Fad diets are not the answer to finding a balanced lifestyle
In the deadline-ridden, budgeted lives of university students, maintaining a healthy diet and exercise can be hard. The popularity of fad diets, which promise quick weight loss with debated proof, complicates matters.
“We plan everything in our lives except for our nutrition,” Tom Hazell, a kinesiology professor at Laurier said.
“Every fad diet is bad,” Hazel said. “Most of them do work in the short term, but when you get off the diet, there’s something called the yo-yo effect where you gain that weight back.”
From cleanses that replace solid foods with juice to the now well-known intermittent fasting where meals are only eaten during certain times, fad diets are everywhere. The Keto diet, which was the world’s most Googled food topic in 2020, consists of high-fat, low-carb foods with moderate protein.
“I don’t think there’s anything magical about only eating fat and low-carbs,” Hazell said. “People want to pick on a macronutrient that’s bad, but really, too much energy is bad.”
He suggested eating enough protein and healthy fat, while basing the rest of meals in carbs to fill our activity levels.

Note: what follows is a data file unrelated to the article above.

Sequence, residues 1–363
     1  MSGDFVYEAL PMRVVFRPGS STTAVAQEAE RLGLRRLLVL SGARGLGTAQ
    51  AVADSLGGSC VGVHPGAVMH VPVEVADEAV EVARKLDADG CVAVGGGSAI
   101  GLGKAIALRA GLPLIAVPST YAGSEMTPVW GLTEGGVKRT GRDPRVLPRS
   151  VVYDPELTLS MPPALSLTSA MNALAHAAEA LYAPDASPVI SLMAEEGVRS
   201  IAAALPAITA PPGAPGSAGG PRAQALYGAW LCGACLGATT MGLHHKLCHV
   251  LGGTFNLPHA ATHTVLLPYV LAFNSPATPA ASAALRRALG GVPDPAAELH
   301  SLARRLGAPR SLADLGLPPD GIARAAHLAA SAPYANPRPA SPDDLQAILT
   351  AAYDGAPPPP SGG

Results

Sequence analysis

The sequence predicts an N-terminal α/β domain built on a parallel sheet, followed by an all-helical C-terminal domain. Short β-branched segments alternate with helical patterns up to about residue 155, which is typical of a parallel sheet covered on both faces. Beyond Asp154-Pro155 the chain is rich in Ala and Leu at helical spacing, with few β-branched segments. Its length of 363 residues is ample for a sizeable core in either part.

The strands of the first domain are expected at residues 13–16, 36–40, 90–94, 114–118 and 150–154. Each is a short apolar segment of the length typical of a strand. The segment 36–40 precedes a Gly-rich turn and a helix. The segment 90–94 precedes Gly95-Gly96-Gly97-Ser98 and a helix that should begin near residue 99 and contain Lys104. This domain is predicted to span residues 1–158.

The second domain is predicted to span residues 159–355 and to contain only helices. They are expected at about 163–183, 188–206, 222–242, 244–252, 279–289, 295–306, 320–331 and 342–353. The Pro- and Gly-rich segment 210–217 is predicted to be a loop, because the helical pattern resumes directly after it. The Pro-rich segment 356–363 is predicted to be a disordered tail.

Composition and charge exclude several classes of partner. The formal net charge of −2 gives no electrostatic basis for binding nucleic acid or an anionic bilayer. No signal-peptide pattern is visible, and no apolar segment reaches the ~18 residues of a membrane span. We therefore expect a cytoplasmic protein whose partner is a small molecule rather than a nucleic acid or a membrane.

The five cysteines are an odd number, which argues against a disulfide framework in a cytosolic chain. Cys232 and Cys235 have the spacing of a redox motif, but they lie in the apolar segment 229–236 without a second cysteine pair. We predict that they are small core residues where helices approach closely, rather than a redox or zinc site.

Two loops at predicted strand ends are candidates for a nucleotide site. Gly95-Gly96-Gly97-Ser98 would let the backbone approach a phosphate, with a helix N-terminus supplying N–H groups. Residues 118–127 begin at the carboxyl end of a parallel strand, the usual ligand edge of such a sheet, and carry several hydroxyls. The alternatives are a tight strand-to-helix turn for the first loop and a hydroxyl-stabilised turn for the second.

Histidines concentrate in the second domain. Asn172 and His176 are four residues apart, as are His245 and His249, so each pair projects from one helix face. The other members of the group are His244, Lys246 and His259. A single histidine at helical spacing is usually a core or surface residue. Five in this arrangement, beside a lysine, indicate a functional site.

“A diet just has to be something you follow,” added Hazell. “So if you can live on intermittent fasting, it can be effective as long as it’s what you’re meant to do — same with Keto.”
For many, the trickiest part of dieting is consistency — two out of five regular dieters quit within the first week and just 20 per cent make it to three months. After all, cost, convenience and social factors tend to interfere.
“You could certainly eat junk food. As soon as those diets start telling you what you can’t eat, there’s gonna be a point in time where it’s not realistic anymore,” Hazell said. “But if you focus on what you’re eating five plus days a week, you can allow some flexibility.”
The key is meal planning, which limits less nutrient-dense foods. Hazell also recommends small habits, such as taking half a restaurant meal home instead of finishing it all at once.
While it’s no secret that diet and exercise go hand in hand, the relationship is more direct than appears. “There’s lots of research that suggests exercise can induce appetite suppression,” Hazel said. “The idea is when you exercise, you’re likely to eat less than you would’ve with no exercise.”
High intensity interval training (HIIT) has become a favourite workout due to its time efficiency and weight loss payoff. Results from a PhD study done by Hazell show HIIT to reduce more fat mass than continuous intensity workouts, all while taking less time. Another of his studies suggests HIIT exercise may cause less calories to be consumed in recovery, leading to its effectiveness.
“If we’re going to leave people with a message, it’s that they should check in on how they’re eating — not every day, but routinely over the weeks,” Hazell said. “Having an idea of what should be on your plate is a good place to start and Canada’s Food Guide is not a bad illustration.”